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Christmas 2007 - Hillclimber
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Rebirth of an Indian Hillclimber
 By Arthur Montague, the man in the middle
It all started in early August 2004, whilst talking at the VSCC Prescott Vintage Hillclimb in the Cotswolds (UK). My friend Paul Stileman, an excellent, talented, vintage car restorer by trade and profession, jokingly asked me when I was going to find him an Indian "wall of death bike". He knew that I'd had Indians (Scouts and a Powerplus) in South Africa in the seventies and at that time (in 2004), I had a fairly complete kit of parts for a 1915 Hedstrom big twin, so obviously he thought I was well placed to discover the proverbial "barn find".......what a hope!

But... stranger things have happened... like a week later, Rick Abbott posted a message on VI, saying that he was about to advertise the basic Indian, 1920/22 based Hillclimber kit of parts he had for sale, on eBay, unless a lister wanted it. Paul, was looking for a Wall of Death Indian, but here was something more special and historic. 

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Early 1920s hillclimber kit! 
Note Junior Scout front end and short tank.
After a quick phone discussion with Paul, who isn't into PCs or the internet, I mailed Rick, told him that there was much interest and would he mail me pix of the kit. The mails then quickly started to flow "to and fro", ?prices for the missing bits, ?pix of these, ?engine and transmission building, ?shipping costs, ?frame mods to take a later engine etc. etc. Rick was very patient with us, proved to be very professional and flexible, even though he was having much grief in his domestic life at this time. 

A decision was made to purchase the kit, NOS engine parts, transmission and clutch bits, from Rick, a draft for payment was raised and the whole lot was airfreighted to the UK. Straight forward, excellent communications. Well, we thought, that wasn't too bad, having dealt in uncharted waters, the rest should easy... but... the trouble was yet to come, from a very close quarter in the UK.

As the cases with the kit were early, and there was a problem obtaining the cylinders that Rick advised, I did a little research and found an alledgedly rebuilt, complete 1922 Scout engine from Greg Cooney in NZ. A deal was done, cash was despatched and the motor was airfreighted to the UK... so far so good.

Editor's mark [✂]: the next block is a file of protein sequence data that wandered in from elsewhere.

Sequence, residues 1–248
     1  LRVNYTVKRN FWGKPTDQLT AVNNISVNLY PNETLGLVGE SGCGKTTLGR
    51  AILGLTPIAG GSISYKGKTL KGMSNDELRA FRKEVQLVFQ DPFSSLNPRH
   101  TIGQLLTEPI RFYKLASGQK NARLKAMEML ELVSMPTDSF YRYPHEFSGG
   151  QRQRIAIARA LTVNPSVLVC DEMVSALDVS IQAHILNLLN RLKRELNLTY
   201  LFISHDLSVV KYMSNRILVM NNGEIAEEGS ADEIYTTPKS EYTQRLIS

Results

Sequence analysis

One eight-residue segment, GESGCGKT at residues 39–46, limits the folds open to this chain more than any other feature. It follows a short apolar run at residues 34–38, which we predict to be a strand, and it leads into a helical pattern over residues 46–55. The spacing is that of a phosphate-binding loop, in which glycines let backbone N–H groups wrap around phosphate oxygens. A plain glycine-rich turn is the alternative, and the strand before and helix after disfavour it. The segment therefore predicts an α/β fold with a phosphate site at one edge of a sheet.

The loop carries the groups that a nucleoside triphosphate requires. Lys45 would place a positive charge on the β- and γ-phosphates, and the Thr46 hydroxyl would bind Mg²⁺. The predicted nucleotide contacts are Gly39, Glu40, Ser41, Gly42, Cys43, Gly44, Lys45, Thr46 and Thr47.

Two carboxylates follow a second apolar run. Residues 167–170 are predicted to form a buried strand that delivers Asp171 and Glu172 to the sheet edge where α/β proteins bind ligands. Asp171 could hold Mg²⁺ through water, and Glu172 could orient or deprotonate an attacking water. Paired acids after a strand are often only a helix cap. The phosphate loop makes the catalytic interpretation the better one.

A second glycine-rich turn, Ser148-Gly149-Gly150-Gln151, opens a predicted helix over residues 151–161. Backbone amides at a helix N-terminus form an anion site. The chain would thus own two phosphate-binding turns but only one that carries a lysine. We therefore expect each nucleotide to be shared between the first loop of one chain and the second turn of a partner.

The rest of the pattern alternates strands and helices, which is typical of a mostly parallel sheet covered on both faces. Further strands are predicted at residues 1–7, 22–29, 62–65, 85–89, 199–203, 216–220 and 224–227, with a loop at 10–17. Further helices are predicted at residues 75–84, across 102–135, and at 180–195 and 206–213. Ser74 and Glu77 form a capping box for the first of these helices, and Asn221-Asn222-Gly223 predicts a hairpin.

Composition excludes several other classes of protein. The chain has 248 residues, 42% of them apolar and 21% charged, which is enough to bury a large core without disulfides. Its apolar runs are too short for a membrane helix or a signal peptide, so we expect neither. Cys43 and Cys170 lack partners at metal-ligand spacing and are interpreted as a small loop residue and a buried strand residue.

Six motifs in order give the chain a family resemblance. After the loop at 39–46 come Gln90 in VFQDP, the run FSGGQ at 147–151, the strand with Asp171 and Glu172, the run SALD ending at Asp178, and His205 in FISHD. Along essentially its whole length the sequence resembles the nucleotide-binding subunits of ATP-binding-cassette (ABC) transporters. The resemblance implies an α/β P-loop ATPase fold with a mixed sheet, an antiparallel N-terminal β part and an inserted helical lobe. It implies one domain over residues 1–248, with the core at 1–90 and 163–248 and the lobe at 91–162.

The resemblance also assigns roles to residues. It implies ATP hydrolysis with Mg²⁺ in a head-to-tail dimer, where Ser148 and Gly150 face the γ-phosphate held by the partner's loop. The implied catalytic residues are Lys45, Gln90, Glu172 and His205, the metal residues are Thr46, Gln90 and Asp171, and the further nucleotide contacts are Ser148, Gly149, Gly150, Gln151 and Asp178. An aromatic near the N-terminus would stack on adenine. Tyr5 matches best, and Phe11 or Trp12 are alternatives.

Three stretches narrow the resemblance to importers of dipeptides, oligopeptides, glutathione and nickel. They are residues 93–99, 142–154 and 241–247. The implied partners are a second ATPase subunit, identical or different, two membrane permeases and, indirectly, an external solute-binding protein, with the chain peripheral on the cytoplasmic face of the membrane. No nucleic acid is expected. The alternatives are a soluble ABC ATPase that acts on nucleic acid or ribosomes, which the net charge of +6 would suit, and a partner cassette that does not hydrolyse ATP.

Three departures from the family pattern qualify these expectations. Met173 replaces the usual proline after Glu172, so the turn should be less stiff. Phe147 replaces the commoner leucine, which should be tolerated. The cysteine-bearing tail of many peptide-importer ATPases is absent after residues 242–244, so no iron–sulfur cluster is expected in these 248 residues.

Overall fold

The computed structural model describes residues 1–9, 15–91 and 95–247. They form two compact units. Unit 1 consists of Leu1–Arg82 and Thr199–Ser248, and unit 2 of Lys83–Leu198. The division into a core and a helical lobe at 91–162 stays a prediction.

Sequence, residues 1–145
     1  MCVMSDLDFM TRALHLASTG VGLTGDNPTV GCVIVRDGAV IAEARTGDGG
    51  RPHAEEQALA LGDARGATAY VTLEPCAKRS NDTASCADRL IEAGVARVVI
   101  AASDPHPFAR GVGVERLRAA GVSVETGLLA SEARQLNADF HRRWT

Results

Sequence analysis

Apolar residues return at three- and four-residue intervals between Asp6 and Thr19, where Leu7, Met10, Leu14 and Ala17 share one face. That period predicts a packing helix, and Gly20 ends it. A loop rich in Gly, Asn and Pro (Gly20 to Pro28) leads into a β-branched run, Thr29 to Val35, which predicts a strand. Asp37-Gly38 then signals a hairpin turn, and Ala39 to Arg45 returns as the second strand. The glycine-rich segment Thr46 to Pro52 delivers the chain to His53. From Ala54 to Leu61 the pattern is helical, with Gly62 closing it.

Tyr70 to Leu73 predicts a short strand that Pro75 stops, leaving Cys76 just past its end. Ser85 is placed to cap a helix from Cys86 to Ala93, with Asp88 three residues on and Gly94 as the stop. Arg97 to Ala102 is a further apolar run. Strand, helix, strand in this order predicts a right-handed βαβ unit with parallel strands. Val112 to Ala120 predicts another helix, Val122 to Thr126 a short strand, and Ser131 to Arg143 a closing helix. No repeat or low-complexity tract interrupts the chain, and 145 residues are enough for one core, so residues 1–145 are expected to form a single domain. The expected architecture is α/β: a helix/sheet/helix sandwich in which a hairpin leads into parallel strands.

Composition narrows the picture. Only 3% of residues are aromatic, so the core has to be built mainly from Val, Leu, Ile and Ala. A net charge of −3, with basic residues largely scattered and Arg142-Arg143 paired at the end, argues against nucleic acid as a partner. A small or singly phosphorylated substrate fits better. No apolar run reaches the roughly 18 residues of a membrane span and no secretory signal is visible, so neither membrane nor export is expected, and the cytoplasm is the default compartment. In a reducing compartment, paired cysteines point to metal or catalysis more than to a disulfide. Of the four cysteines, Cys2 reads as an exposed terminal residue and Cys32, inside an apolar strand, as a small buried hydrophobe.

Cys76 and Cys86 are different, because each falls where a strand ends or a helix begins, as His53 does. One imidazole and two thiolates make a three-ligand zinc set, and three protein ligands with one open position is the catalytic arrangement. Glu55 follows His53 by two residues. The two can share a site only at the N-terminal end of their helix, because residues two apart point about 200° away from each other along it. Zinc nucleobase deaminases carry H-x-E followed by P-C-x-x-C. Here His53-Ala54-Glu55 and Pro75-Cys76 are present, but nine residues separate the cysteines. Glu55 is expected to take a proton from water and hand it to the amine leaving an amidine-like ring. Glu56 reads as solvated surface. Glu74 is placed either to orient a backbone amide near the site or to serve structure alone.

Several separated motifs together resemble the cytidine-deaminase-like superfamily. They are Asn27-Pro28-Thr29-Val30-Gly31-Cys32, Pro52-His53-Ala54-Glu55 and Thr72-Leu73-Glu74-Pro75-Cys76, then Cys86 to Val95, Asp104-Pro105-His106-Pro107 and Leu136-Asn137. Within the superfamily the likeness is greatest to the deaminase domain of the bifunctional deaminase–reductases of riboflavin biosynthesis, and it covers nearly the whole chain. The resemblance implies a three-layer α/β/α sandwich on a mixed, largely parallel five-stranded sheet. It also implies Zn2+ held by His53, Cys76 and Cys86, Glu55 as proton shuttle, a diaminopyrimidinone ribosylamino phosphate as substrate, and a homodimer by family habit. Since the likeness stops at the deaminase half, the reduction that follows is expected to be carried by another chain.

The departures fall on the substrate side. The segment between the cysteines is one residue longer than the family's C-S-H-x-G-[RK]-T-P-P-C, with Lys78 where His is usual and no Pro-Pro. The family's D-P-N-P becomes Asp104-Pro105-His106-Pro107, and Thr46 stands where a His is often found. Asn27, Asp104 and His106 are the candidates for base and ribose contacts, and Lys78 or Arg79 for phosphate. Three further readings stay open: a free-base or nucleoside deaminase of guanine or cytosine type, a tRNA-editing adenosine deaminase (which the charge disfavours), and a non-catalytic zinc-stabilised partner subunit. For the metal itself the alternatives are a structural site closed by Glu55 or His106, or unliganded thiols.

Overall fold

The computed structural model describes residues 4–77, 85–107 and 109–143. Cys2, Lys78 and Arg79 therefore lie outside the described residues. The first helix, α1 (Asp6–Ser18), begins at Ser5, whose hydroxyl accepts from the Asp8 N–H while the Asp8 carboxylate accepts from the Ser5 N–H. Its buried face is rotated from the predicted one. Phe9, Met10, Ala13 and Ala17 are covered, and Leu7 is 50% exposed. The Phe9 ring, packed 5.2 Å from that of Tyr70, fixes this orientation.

On receipt of the frame it was now evident that this had been much modified to use different engines,ending up with a later 101 engine... so a decision was taken to follow the 101 route. This meant selling/swapping the engine and other cases, to acquire the necessary 101 engine bits... this is where the project stalled. As all the future dealing would be done in the UK by Paul, by visit and phone, I was effectively surplus to requirements and received periodic updates on progress or the complete lack of it.

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Engine in fabulous looking (and sounding!) restored hillclimber is now a 101 Scout.

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Lightening holes abound.

Paul joined the UK Indian Club, and contact was made with a UK guy to take certain early Scout bits from Paul and supply all the 101 parts that were required. Some were delivered without a problem... but... the rest were not. The delivered bits were given to John Chatterton, in the NW of England, for assembly, which commenced without much trouble. John (a very thorough and patient guy... he had to be) was then held up on the engine build project, and was actually wrestling the other parts, bit by bit, out of the supplier ((whom he knew (-or should that be non supplier?)), plus Paul was pushing and threatening at the contact end to conclude the transaction. Finally the missing parts appeared and John was able to complete his rebuild of the engine, a real craftsman who really worked a miracle, as you will see from the pictures.

During this time, Paul straightened the frame, which had suffered from a very hard life, ground off surplus welded on bits, sourced outstanding components, made racing style handlebars, made a host of other special bits, that were read via a magnifying glass from period pictures, built wheels, painted all parts, assembled the parts and the battle was almost finished. This sounds like very little work but it was all carried out in a very thorough way, occupying nearly two and a half years.

A Linkert bronze bodied racing carb, with the Indian script cast in, was given to Paul by the UK Indian Club. (*****************************) - it's better that I remove that statement of Paul's regarding the supply of parts! Paul also obtained parts from other sources, and did all the other work himself, making many parts. The finished result is, as shown in the pix, excellent, it also sounds excellent!

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(Castor) bean oil only! 
Neat Powerplus(?) hand pump.

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Wiring is minimal. Purple wire is for kill switch.

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